Family ties: WVU School of Dentistry graduates three generations

At West Virginia University Health Sciences, the School of Dentistry has a mission to transform students into clinically excellent, service-oriented practitioners. For one family, its mission has made an impact for three generations.

Building a legacy

Dr. Billy C. Schamp graduated with the first class of dental students at WVU in 1961. His daughter, Dr. M. Rene Schamp, graduated in 1992. This year, Billy’s granddaughter, Ashley Faddis, will also graduate from the Doctor of Dental Surgery program.

Billy Stamp student identification cardAfter serving in the U.S. Army during the Korean War, Billy attended the School of Dentistry with G.I. Bill benefits. The first graduating class had 23 students. After working at a private practice for a year, he opened his own practice in Winter Park, Florida, in 1964. After 35 years of practice, Billy retired and currently raises cattle in Winter Park.

Rene chose dentistry after considering other fields and attending the University of Central Florida before transferring to WVU. After graduation, she worked with her father before leading his practice once he retired.

Rene explains that it was interesting to learn about the School of Dentistry from her father and then later attend the school herself.

“We graduated 30 years apart and when my dad attended, the school had brand new laboratories and equipment,” Rene said. “When I was attending, the laboratories were being renovated, so it was cool to see that happening.”

As Ashley finishes her time at the School of Dentistry, Rene explains the impact of having three generations of dentists in the family.

“We’re all just so proud of Ashley and the hard work and determination she has put into becoming a dentist,” she said.

Ashley noted that throughout her childhood, dentistry was always encouraged as a possible career choice.

Those family conversations sparked an interest in the field, and now Ashley is preparing to graduate in the Class of 2023.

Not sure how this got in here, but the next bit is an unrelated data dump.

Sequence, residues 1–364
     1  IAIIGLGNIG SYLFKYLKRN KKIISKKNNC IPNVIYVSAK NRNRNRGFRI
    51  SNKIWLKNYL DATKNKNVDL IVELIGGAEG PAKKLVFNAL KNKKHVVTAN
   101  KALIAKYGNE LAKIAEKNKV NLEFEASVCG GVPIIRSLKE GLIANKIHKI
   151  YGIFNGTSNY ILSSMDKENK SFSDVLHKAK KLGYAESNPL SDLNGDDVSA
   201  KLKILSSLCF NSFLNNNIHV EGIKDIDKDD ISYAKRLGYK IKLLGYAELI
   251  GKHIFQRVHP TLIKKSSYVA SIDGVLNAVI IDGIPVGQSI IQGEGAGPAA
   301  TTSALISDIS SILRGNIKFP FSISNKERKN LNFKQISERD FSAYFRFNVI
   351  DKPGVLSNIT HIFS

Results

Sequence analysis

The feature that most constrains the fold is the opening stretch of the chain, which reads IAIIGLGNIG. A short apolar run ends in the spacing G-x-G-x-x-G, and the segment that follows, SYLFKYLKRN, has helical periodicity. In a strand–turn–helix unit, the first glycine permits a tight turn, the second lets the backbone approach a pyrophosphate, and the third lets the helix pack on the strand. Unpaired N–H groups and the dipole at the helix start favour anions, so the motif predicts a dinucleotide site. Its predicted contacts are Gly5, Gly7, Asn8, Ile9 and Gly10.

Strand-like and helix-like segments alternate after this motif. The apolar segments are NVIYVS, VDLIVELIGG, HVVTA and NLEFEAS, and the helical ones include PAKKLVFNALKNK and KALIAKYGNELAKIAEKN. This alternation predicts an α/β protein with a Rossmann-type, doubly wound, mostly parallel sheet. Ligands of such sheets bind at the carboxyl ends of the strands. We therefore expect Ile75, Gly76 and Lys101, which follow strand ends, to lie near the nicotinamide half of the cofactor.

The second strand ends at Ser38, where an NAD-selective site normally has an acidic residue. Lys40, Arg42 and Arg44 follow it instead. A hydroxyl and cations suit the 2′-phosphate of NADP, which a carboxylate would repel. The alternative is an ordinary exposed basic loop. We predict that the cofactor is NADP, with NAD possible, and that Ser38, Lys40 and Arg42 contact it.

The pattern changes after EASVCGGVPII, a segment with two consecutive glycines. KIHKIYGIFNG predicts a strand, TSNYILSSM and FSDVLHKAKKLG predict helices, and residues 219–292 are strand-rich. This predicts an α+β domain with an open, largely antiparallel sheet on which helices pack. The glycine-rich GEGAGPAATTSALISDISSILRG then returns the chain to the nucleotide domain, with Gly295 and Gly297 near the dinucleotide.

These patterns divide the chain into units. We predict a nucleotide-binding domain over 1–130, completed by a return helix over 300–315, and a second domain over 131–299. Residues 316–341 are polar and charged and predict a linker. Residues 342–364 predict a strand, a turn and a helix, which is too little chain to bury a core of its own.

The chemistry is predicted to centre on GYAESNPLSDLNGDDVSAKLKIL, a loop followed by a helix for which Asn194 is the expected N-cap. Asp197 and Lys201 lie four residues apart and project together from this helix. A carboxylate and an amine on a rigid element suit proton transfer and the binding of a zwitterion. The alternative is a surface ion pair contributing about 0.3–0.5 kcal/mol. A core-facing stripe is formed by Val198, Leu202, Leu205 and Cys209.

“It’s been interesting to watch how that influence has spanned across generations for our family,” Rene said.

The History of the WVU School of Dentistry bookAs part of the 65th anniversary of the School of Dentistry, Dr. Robert Wanker wrote “The History of the WVU School of Dentistry,” coedited by Dr. Jerry Bouquot and Dinah Courrier. The cover of the book features Billy in the first class of dental students and Ashley in the Class of 2023.

While there have been some technological advancements since Billy graduated, the family of dentists often discusses how several practices and principles have remained the same.

One of the big distinctions is the shift from hand to rotary instrumentation used by dental professionals when working with patients. Ashley also notes that her grandfather frequently practiced with gold fillings rather than the white, composite fillings that are more commonly used today.

“My grandfather had given me the original mouth he practiced on while in dental school and it had a lot of goldwork in it,” she said. “It’s been interesting to compare with him the tools used when he was learning and practicing to what is now used today.”

As Ashley prepares to graduate from the school and join a private practice in Bentleyville, Pennsylvania, her family hopes the tradition of dentistry of will continue.

“Hopefully we will continue to have dentists in our family for generations to come,” Rene said.

Continuing a family tradition

Having attended a small high school in Pennsylvania and Penn State University for her undergraduate degree, the close-knit community in the School of Dentistry helped Ashley create strong relationships with her classmates and faculty.

“I have made close friends in my class and the smaller class size allows for one-on-one learning opportunities with faculty,” she said.

The training opportunities offered to students in the school and in the Doctor of Dental Surgery program have also helped Ashley feel prepared for treating patients in practice.

“Since our facilities are next to J.W. Ruby Memorial Hospital, we get to go into the operating room for dental cases that require sedation which is a good learning opportunity,” she said. “We also do a rural rotation during our senior year which provided me a lot of great experiences.”

During her time at the school, Ashley has been involved in the Delta Sigma Delta dental fraternity and WVU’s American Student Dental Association chapter while also serving as a teaching assistant for two first-year dentistry classes.

“Being involved in student organizations has helped me build relationships with other dental students and professionals,” she said. “These relationships will help me transition from school to private practice.

Reflecting on her School of Dentistry journey, Ashley is excited to begin practicing after graduation and feels the training she received at the school has prepared her for the next chapter.

“The lifestyle of a dentist is very family oriented, and I’ve learned how to build solid connections with patients which I’m excited to do in my own practice. I couldn’t be more thankful for the faculty, mentors and friends I have made here. Dentistry is a very challenging and rewarding profession and thanks to WVU, I feel prepared for my future career in the field.”

To learn more about the WVU School of Dentistry, visit



CONTACT: Sunshine Wiles-Gidley
Director of Marketing and Communications
WVU School of Dentistry